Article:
Indira S. Somani
Somani studies how ethnic groups, specifically the Indian diaspora around the world, use media to stay connected to their homeland. Her research focuses on the generation of the Asian Indians that migrated to the U.S. between 1960 and 1972 and their media habits. This generation did not grow up watching television, because television was not introduced in India before 1959 and that was only in a few homes. They learned the act of watching television (enculturation) after migrating to the U.S. Eventually they became acculturated into watching Indian television when the programs became available via the satellite dish. From Aug. 2011 to Jan. 2012, she was in India on a Fulbright-Nehru Senior Research Fellowship to expand her dissertation research. The research enabled her to understand better the role of media in maintaining culture and identity for the Indian transnational audience. Below are links to her most recent publications:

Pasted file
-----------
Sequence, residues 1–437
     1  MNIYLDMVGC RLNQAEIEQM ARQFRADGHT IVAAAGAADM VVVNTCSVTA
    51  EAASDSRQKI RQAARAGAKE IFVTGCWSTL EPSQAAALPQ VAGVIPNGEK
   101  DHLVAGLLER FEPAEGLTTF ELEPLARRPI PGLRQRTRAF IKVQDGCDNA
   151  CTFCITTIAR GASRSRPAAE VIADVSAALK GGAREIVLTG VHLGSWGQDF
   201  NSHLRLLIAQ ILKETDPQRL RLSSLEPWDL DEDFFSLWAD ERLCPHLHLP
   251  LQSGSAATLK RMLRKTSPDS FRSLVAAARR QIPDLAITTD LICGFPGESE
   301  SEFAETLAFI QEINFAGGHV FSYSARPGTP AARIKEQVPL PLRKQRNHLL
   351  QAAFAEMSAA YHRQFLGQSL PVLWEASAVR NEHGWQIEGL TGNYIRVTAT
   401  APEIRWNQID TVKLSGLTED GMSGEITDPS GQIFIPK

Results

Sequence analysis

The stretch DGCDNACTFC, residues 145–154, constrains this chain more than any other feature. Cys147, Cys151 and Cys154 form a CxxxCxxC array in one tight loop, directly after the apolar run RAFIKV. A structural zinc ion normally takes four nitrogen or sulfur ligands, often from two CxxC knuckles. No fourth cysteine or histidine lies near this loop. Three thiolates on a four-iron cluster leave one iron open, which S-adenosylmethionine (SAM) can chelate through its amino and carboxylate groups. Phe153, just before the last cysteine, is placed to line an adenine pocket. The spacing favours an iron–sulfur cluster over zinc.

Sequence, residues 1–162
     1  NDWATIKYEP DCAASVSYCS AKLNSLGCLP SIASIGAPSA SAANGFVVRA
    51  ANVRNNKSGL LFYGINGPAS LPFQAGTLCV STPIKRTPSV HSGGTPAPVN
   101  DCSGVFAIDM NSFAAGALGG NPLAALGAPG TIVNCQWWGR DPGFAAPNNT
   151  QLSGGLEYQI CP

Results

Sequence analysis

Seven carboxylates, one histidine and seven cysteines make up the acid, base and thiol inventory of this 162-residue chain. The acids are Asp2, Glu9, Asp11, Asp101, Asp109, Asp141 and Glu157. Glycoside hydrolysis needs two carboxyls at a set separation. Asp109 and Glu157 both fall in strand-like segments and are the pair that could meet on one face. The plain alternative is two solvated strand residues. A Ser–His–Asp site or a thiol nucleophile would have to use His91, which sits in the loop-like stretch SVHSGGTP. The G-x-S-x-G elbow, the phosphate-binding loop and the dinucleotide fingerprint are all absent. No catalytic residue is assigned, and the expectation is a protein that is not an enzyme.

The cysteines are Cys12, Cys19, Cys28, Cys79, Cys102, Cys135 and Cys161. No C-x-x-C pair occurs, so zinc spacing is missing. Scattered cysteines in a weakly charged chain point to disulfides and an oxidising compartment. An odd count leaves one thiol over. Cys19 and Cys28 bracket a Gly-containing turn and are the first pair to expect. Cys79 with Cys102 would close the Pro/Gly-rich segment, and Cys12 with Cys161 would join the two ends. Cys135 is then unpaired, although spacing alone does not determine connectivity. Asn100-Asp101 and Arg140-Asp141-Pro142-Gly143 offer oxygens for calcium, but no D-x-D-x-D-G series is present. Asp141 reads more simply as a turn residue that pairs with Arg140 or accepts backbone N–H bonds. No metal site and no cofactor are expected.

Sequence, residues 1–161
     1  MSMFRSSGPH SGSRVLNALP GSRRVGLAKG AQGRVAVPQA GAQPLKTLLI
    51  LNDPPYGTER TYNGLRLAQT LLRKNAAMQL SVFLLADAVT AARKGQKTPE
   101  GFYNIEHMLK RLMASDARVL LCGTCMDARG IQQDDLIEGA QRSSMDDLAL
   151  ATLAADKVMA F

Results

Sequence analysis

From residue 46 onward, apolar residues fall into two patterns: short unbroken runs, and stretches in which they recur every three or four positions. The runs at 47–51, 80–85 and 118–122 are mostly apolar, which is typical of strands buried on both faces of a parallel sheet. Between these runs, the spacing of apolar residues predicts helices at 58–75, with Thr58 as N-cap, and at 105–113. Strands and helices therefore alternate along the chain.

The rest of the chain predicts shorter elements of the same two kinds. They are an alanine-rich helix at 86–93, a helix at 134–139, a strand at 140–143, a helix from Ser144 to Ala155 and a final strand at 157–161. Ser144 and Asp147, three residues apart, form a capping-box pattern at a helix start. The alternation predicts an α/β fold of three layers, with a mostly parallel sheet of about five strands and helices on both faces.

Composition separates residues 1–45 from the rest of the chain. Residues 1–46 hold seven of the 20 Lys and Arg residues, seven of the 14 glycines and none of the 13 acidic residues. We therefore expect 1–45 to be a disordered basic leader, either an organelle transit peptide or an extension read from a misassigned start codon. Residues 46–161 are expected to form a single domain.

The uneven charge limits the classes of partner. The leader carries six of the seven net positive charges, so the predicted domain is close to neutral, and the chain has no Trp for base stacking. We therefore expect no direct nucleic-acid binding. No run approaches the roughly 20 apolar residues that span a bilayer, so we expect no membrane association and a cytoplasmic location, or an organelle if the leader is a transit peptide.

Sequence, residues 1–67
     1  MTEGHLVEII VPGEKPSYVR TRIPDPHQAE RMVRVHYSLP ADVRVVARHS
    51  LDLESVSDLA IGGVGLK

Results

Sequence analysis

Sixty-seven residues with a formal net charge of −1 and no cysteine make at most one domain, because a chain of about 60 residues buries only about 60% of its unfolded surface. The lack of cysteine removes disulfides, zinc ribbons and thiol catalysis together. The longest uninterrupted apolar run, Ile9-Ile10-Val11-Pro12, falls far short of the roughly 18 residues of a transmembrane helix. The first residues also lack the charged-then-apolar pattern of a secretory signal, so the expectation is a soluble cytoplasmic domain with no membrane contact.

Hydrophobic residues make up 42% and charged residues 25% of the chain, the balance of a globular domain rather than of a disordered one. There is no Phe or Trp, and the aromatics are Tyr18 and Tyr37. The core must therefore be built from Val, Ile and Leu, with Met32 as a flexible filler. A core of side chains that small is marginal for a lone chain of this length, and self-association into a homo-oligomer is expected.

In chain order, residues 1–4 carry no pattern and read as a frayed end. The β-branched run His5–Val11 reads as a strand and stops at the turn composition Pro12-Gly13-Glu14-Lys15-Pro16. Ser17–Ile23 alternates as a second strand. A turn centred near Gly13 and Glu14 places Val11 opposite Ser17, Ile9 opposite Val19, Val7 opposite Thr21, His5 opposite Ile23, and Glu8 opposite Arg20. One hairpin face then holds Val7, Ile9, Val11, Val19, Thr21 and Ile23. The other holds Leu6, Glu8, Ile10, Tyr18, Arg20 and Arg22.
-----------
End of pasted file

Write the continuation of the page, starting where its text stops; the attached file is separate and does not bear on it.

The other part of her research overlaps with her professional practice and involves making documentary films about how
ethnic groups maintain and preserve their cultural identities in another country. The cultural group she has worked
with to date is Asian Indians, but she foresees ways of building on this with other cultural groups. She is currently
working on two documentary films, one about the major Hindu festival Dev Deepavali shot in the holy city of Varanasi
and the other on how the Indian diaspora identify with the Hindu religion in the U.S. Parts of both documentaries
were filmed while she was in India on the Fulbright.